ANNA MCDOUGAL of Wiscasset and an artist at Spindleworks in Brunswick addressed the crowd at a press conference at the Statehouse in Augusta. A new rule may cut funding for many in Maine with developmental or intellectual disabilities.

ANNA MCDOUGAL of Wiscasset and an artist at Spindleworks in Brunswick addressed the crowd at a press conference at the Statehouse in Augusta. A new rule may cut funding for many in Maine with developmental or intellectual disabilities.

AUGUSTA

Opponents of a proposed rule change at the Maine Department of Health and Human Services fear that funding will be slashed for those with developmental and intellectual disabilities, and a detrimental impact to services will be felt to beneficiaries in the Midcoast.

DAVID COWING, a board member for the Independence Association in Brunswick, addresses the crowd at a press conference at the Statehouse.

DAVID COWING, a board member for the Independence Association in Brunswick, addresses the crowd at a press conference at the Statehouse.

On Tuesday, DHHS met with families, advocates and agencies supporting people with disabilities at the Statehouse.

Dennis St. Pierre of the Independence Association in Brunswick said DHHS traditionally had to rely on votes from the Legislature to change rules and adjust funding. Now, St. Pierre says, DHHS wants to take control of such issues, bypassing the legislative vote and implementing a new funding formula for people with developmental and intellectual disabilities.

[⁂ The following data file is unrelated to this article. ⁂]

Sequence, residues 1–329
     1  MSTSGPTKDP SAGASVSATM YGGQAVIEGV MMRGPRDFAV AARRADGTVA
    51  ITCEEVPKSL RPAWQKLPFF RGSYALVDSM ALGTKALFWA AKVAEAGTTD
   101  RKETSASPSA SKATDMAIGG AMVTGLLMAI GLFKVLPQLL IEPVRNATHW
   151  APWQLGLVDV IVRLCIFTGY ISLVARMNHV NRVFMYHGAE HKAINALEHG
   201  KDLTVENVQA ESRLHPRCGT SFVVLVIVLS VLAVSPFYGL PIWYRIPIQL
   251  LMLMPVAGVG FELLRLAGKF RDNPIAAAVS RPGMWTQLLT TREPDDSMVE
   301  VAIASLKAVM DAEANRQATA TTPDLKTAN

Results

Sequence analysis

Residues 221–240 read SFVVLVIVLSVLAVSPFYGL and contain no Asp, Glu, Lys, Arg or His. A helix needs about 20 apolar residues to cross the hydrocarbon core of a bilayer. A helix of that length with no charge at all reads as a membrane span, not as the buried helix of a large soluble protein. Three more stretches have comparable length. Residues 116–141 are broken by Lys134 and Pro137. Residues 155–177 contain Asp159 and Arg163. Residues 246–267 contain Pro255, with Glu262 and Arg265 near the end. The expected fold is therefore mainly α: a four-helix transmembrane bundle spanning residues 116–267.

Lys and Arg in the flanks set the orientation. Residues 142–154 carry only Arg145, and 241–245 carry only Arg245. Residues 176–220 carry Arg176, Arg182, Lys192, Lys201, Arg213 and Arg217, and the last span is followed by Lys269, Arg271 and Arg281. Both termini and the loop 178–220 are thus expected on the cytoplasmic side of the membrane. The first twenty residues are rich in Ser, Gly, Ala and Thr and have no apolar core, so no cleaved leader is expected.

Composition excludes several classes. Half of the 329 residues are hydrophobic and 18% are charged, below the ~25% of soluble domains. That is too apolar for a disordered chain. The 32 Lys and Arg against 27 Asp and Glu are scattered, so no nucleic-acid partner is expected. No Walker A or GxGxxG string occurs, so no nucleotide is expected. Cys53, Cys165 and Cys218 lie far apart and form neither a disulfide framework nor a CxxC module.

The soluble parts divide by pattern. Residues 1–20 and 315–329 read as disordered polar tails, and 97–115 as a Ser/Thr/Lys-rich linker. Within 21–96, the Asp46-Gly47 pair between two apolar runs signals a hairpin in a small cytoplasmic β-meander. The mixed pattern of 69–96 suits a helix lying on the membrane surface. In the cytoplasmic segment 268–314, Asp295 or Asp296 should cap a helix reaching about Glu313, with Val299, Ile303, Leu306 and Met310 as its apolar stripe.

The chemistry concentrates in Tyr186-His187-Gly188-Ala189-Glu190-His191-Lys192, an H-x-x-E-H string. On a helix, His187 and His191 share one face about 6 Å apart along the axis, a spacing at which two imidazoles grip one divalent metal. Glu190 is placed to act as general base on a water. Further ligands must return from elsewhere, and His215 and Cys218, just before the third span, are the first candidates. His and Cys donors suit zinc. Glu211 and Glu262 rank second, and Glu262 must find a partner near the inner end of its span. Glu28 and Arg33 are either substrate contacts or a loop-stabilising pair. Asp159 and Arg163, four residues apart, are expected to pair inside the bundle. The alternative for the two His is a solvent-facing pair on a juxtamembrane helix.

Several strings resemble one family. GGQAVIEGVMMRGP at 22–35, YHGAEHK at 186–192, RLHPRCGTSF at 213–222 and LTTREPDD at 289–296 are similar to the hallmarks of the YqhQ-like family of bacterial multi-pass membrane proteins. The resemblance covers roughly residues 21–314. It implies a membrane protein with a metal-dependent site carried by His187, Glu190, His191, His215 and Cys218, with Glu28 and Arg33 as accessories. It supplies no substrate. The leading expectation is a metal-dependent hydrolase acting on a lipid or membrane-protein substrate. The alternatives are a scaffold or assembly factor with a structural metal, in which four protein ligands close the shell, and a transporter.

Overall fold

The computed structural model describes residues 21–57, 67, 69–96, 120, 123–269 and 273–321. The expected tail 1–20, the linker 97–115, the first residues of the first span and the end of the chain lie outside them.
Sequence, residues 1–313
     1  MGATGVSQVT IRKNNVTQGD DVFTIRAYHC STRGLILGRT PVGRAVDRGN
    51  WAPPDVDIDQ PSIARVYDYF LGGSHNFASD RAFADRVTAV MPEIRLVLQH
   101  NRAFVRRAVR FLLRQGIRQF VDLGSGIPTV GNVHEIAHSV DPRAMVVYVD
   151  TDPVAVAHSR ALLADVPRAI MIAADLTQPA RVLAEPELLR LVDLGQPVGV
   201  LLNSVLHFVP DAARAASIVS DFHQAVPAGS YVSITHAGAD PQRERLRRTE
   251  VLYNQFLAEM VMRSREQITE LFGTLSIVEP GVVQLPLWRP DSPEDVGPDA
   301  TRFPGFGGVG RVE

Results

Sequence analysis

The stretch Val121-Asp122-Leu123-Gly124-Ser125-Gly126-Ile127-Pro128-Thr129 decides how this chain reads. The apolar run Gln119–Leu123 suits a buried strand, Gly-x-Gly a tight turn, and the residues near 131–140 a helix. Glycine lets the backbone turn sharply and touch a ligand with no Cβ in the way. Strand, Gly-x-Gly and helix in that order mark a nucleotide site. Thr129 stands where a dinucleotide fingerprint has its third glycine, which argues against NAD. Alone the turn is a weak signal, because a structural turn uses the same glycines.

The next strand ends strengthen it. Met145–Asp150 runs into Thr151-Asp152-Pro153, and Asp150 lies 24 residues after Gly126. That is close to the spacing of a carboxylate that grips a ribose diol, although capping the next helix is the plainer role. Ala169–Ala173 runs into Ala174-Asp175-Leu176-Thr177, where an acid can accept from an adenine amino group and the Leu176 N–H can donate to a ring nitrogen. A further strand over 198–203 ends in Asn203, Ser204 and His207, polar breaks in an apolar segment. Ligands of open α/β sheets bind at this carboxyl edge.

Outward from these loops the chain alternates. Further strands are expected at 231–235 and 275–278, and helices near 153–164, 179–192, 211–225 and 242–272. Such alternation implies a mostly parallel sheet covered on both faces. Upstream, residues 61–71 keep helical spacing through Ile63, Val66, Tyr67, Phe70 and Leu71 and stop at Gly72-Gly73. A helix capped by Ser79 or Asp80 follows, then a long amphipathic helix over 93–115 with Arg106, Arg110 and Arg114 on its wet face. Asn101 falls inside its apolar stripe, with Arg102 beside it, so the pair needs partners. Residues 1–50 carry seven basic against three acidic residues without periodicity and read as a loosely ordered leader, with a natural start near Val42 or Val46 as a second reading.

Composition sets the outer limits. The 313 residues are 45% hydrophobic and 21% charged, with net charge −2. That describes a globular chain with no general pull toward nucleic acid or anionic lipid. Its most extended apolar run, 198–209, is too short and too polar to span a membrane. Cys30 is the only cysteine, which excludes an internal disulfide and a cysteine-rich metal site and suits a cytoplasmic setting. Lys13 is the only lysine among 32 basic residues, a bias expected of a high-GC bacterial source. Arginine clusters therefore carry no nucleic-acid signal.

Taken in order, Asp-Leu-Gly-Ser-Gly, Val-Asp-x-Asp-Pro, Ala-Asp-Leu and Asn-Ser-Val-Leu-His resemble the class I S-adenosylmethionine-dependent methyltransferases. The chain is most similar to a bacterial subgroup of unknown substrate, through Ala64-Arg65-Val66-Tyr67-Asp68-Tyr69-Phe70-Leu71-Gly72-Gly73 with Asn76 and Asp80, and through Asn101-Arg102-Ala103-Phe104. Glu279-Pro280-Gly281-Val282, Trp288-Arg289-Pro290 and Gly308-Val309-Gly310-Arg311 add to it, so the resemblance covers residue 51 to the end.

In the past, DHHS used a process where a team made up of family members and providers jointly determined what level of services were necessary for proper care. That process may now be replaced with the Supports Intensity Scale.

Under the proposal, a SIS number is assigned to an individual, with 5 granting the highest level of care and 1 being mostly independent. The number is assigned after a series of questions for caregivers and a brief observation.

Opponents say that brief glimpse into a person’s life isn’t enough to make an adequate determination as to the amount of support an individual may need.

“The methodology is flawed in our opinion,” St. Pierre said. “Based upon the methodology, I can tell you straight out, within our own agency we’re going to see 73 percent of the people served in Independence Association group homes receiving significantly fewer hours of support in their lives.”

St. Pierre said it all comes down to safety. He said the rule change would risk the safety of the individuals served, those serving them as well as the general public while out in the community.

“Their lives will be put at risk by having less staff available — less community involvement, less outings, less safety in their environments. In some cases, some of our people need very, very extensive amount of support and care and that will be reduced as well,” St. Pierre said.

St. Pierre said the proposed grading system is very subjective and does not fully take into consideration how independent a person served is when they are truly by themselves.